Kolkata, Dec 21 (FN Bureau) State Bank of India’s Economic Research Department has proposed five feasible suggestions to resolve the standoff over farm bills. The report has been authored by Dr. Soumya Kanti Ghosh, Group Chief Economic Adviser, State Bank of India. In the recent kharif procurement regime, till 11 Dec the percentage of procurement from Punjab is a staggering 55%, even though Punjab ranks 3rd in paddy production.
The procurement of cereals continues to be asymmetric, with top producing states in paddy like West Bengal (First) and Uttar Pradesh (Second) witnessing nil and 8% procurement respectively in the current procurement season. Andhra Pradesh, that ranks 3rd in production, has seen procurement of only 1%. Punjab and Haryana have seen procurement of around 70%. It is thus surprising that states like West Bengal and even Delhi are protesting against the new farm bill (for the record, Delhi does not even produce paddy!) and we believe it more political than economics! If for example, we consider buying of cereals at MSP a mandated one for buyers, in essence making procurement a public good, this will drive down the prices at which it is bought to zero. Specifically both buyers (in the simplest of cases) cooperating cannot be a Nash equilibrium in economics terminology as both the buyers will have an incentive to defect and get a much better payoff as the market has many small farmers / sellers who are willing to sell their produce but unable to do because of lack of market outside APMC. “Since the situation is same for everyone, both the buyers will thus decide to defect and receive a nil payoff as they will not buy.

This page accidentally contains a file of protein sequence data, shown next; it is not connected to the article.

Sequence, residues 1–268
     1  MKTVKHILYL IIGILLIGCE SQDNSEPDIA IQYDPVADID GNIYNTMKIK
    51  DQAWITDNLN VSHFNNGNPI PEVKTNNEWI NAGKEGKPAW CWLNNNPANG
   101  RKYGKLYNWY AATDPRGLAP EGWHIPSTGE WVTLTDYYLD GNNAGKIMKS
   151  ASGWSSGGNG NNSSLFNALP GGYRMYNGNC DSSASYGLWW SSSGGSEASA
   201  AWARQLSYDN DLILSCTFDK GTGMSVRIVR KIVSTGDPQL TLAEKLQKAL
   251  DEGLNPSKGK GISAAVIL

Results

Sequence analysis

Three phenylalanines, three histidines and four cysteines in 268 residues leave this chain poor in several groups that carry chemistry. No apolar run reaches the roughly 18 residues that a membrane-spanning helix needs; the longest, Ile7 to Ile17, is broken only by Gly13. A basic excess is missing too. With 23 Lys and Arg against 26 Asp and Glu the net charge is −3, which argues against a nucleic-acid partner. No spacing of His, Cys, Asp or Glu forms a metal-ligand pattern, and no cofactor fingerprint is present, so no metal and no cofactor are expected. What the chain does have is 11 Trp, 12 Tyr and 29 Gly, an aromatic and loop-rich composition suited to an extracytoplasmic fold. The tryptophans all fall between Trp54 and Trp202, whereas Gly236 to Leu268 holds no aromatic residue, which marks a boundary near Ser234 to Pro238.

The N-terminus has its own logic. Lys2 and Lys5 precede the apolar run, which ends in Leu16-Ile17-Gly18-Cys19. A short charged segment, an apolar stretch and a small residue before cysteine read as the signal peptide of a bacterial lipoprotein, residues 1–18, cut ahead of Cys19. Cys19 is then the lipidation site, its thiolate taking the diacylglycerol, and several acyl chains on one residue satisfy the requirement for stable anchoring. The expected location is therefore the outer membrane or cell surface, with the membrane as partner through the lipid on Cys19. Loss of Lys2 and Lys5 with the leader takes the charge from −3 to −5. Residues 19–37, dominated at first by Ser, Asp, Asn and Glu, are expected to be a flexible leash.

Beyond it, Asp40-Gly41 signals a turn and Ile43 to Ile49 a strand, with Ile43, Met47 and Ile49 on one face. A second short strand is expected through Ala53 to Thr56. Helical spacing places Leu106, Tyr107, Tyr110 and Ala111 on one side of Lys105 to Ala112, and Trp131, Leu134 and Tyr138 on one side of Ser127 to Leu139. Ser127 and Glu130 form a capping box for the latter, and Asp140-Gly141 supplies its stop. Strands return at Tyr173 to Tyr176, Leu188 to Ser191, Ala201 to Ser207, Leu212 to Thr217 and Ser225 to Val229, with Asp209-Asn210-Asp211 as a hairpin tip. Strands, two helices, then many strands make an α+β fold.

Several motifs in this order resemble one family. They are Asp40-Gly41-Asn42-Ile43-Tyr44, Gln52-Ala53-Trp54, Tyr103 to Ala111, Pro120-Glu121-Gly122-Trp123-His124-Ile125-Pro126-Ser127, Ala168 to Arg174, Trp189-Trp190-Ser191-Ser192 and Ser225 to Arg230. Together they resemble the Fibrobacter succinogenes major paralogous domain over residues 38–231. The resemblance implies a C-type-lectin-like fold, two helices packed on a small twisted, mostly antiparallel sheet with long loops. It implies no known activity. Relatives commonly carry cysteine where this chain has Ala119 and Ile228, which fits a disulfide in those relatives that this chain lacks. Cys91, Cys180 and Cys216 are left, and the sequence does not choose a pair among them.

The bottom line is, however, it is an outcome that the Government will never want. On a lighter note, this reminds us what happened to King Akbar once.” “One day, Emperor Akbar told Birbal that he was planning to take a bath in milk and that all his ministers should cooperate and get milk to fill the bathtub. However, each minister decided that since milk was costly, he would get the water, while the others get milk. The end result was that all the ministers brought water! We hope economists / policy makers who are supporting a MSP price guarantee understands simple basic economics!” Instead, we propose a five point strategy to solve the current impasse…. First, instead of MSP as a price guarantee that farmers are demanding, the Government could insert a quantity guarantee clause for a minimum period of 5 years that procurement to production percentage of crops (being currently procured) should at least be equal to last year percentage (with safeguards in exceptional events like droughts, floods etc). Historical trend in case of procurement indicates that only 25-35% of total wheat produce has been procured over the years (with largest procurement happening through Punjab and Haryana).
In case of rice, the procurement share is in the range of 30-40% with significant procurement from Telangana, Punjab, Haryana and Kerala. This will allay the concerns of the farmers to a great extent. Second, convert the Minimum Support Price to Floor Price of Auction on National Agriculture Market (eNAM).
However, this will not completely solve the problem as the current data shows that average modal prices in e-NAM mandis is lower than the MSP in all commodities (except Urad) Third, efforts must also continue to strengthen APMC market infrastructure. Based on a Government report, as per our estimates the monetary loss for cereals is almost Rs 27,000 crore due to harvest and post-harvest losses.